Often I'm working on my images in this way in order to add some visual interest in snap and warmth of color like we've done here. Alright well ,after we've completed the basic work in the basic panel let's drop down to the detail panel. In the detail panel, one of our first steps is to zoom in on the photograph. To do so you'll either click on the image to zoom in or click on this warning indicator to zoom in to 100%. Then what I like to do is to pan around the photograph.
Just click and drag around the image. We need to evaluate the subject here, of course. We also need to see the shadow detail in this area and this area of the photograph, the water behind. And just make your way around the photograph to get familiar with the overall texture, the noise, and the amount of sharpness that you have in the image. Then drag it to an area where you can evaluate some important parts of the photograph, and start your work. In this case, I notice some noise in this area.
And kind of throughout the photograph there's, it looks like some texture on the image. I want to get rid of that. We'll do so by working with the luminance noise reduction slider. Drag this up but be careful not to go too far because then all of a sudden it will look a little bit smudged out. So let's bring this probably to around 50. The detail slider I'm going to drop down, lose a little bit less detail in that area and then contrast I'm going to bring up and contrast is the one which adds a little bit of shape or definition to that part of the photograph.
And we're looking to try to subtly improve the noise that we have in those areas. Also, it's a good idea to pan around and view some of the other parts of the photograph as well. And this is why having more screen real estate is especially helpful. For example, for a moment, what I'm going to do is go back to our previous view. Here I'll press shift+tab once, and then shift+tab again, which will allow me to bring back the lightroom interface. Notice that in this view, I have a much smaller window.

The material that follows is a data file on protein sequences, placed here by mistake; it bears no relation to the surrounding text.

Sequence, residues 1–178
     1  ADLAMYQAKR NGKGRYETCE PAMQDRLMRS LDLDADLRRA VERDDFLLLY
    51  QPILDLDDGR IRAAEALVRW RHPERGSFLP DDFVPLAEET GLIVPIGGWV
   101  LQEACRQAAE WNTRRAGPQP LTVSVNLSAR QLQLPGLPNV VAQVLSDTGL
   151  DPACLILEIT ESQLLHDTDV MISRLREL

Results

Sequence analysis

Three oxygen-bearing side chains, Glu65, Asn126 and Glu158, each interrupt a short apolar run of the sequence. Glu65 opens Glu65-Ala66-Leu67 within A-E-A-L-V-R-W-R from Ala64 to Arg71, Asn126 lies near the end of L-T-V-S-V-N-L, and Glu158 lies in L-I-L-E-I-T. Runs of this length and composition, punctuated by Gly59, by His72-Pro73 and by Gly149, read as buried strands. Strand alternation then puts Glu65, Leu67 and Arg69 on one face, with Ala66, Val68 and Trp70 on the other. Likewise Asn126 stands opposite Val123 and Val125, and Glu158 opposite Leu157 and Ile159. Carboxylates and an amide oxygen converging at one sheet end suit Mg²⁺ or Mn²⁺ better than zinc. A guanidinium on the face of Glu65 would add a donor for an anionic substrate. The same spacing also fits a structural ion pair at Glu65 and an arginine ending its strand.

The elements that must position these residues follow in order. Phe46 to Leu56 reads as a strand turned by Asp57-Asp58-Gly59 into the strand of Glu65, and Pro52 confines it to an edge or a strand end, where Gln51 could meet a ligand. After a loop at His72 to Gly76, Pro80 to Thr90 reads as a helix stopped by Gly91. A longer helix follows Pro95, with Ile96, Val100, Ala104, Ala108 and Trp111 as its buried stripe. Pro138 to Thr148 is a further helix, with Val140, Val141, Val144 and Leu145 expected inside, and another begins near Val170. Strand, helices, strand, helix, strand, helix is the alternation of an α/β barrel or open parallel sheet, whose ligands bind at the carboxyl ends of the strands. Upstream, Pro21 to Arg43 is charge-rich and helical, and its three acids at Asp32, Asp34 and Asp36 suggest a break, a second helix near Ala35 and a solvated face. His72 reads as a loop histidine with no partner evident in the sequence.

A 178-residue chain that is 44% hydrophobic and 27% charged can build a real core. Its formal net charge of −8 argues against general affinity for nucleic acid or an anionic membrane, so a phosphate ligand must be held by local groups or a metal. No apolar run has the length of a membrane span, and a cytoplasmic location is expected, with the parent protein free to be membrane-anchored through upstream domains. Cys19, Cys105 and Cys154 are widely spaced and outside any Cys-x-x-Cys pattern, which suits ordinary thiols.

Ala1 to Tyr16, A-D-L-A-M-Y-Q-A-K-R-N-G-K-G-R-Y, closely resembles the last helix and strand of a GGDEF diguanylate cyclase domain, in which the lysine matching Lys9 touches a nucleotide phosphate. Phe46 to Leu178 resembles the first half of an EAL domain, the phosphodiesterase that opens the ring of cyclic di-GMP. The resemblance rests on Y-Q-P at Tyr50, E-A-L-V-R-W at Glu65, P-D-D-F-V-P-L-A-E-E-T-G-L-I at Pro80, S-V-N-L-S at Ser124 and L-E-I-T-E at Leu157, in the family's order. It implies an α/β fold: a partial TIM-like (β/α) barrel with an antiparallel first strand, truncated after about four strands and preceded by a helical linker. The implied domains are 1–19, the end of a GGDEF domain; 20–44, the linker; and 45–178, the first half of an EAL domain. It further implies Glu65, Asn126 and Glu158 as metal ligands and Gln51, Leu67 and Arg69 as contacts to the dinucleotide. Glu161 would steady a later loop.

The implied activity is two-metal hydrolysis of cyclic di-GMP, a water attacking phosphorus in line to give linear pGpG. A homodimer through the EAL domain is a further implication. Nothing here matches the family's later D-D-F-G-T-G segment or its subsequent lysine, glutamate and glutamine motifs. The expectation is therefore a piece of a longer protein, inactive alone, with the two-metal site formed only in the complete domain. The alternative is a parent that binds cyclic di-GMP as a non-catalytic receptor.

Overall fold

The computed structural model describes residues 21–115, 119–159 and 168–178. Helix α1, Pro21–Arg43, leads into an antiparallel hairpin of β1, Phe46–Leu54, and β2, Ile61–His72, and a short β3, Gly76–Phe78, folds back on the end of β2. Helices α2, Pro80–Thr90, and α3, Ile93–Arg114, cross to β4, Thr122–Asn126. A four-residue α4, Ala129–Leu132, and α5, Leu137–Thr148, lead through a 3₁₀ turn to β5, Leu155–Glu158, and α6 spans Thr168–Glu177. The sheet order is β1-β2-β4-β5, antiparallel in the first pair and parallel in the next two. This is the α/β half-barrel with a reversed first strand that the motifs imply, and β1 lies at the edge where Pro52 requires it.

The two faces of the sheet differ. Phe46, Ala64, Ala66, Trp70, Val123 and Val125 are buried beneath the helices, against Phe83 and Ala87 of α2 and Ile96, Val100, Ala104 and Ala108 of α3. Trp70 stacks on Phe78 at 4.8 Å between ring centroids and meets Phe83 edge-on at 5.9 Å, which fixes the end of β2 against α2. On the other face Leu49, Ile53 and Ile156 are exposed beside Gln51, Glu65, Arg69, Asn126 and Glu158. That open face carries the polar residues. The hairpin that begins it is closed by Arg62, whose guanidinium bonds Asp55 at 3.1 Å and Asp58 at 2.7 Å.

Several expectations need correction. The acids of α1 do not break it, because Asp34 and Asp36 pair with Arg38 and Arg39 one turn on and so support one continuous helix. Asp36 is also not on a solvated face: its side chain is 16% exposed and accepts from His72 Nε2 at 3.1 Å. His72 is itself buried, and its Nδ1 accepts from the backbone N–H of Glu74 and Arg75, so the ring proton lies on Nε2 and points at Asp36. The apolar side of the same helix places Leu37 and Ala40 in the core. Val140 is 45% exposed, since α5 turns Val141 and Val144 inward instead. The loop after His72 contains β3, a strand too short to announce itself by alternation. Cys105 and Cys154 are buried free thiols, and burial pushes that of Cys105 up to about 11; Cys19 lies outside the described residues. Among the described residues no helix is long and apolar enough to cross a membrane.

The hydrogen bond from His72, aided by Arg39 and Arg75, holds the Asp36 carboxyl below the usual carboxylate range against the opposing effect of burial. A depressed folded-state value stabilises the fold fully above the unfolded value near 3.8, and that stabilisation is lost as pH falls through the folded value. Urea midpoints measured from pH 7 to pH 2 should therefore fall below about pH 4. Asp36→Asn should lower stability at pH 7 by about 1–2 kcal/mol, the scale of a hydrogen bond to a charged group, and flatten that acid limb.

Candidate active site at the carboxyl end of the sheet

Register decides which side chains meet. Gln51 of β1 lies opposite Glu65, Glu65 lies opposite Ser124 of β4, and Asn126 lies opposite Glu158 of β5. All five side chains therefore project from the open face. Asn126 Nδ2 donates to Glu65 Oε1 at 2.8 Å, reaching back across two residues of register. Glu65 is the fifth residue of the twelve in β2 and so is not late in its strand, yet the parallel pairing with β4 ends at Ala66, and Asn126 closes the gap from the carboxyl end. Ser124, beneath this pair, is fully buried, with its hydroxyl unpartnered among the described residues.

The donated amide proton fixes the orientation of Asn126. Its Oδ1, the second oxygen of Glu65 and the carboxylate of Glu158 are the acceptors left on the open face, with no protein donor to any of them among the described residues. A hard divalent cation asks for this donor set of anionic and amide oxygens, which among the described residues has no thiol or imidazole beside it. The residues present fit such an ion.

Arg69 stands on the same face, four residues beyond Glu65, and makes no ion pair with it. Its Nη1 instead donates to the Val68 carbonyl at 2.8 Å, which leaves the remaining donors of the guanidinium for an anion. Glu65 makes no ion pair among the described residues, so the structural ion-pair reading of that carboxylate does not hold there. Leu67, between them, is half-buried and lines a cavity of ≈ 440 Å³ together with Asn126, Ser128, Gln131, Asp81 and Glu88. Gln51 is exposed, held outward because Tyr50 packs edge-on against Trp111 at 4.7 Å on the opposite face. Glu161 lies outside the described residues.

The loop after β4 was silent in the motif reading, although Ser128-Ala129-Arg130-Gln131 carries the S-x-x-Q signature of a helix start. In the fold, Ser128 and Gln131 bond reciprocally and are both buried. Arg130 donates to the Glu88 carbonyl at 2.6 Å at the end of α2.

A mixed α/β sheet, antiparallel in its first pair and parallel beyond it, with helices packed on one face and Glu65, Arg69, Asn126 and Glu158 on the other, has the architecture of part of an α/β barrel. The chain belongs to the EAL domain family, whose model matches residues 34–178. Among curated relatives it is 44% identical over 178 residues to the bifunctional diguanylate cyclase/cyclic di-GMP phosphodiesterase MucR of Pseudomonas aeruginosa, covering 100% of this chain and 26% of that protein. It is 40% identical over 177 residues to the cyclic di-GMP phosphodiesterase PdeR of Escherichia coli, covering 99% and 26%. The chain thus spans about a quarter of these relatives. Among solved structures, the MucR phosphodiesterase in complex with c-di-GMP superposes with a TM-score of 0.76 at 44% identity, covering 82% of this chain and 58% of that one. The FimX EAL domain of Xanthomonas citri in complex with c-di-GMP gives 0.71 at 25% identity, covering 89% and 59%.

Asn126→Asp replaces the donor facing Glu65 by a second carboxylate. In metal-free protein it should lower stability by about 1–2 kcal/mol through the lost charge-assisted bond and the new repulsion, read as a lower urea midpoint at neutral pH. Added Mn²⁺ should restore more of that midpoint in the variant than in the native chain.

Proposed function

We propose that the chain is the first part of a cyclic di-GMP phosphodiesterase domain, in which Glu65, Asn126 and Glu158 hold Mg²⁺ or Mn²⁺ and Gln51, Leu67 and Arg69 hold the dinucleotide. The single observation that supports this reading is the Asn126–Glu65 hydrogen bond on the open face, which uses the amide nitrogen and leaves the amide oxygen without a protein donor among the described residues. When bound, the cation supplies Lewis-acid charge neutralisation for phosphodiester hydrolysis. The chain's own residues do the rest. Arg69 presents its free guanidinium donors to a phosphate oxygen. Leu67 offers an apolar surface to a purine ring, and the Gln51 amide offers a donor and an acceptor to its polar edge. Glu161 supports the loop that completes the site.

I can only evaluate a little teeny area. Of the image. Yet, if we use the shortcuts, which we learned, which were shift+tab once, and then F8 to bring back the panels on the right, we just have more screen space to focus in on these little teeny details. All right. Well, let's continue with our detail work. Here with our color noise reduction. I'll bring my color slider up a little bit and these values down. Then for sharpening, I'm going to bring my amount up and the details slider back down.
I want a lot of my little details to be sharp but not overdone. I don't want too much texture, I want to remove some of that ,so I have a lower detail value. And in the masking, I'm going to have a relatively low amount of masking as well. Hold down the option key on a Mac, alt on Windows, and click and drag this up. We aren't necessarily interested in full edge sharpening. Rather, it's more of an even sharpening throughout this photograph, to try to create an image which has a nice mood and feeling. It isn't oversharp or overdone, rather it looks natural and clean.
All right, well now that we've finished our work in the basic panel, we've done some of our work in the detail panel, which ,hopefully this time came a little bit more easily because now we know how these sliders work. And we get a feel for how we can work through the various sliders and make some adjustments here to improve the photograph. Next thing that we need to do is to bring back some of the lightroom interface. We already saw briefly how to do that but let me show that again. You press shift+ tab multiple times until it goes through the cycle of bringing back all of the interface.
Then we can click on the image to zoom back out to see the entire photograph, so we can evaluate it from a distance to make sure that everything looks good and that we evaluated and checked on all the areas that we need to check on when it comes to our details. And in this case, I think we've done a great job improving this photograph using our basic panel and the detail panel here in the develop module in lightroom.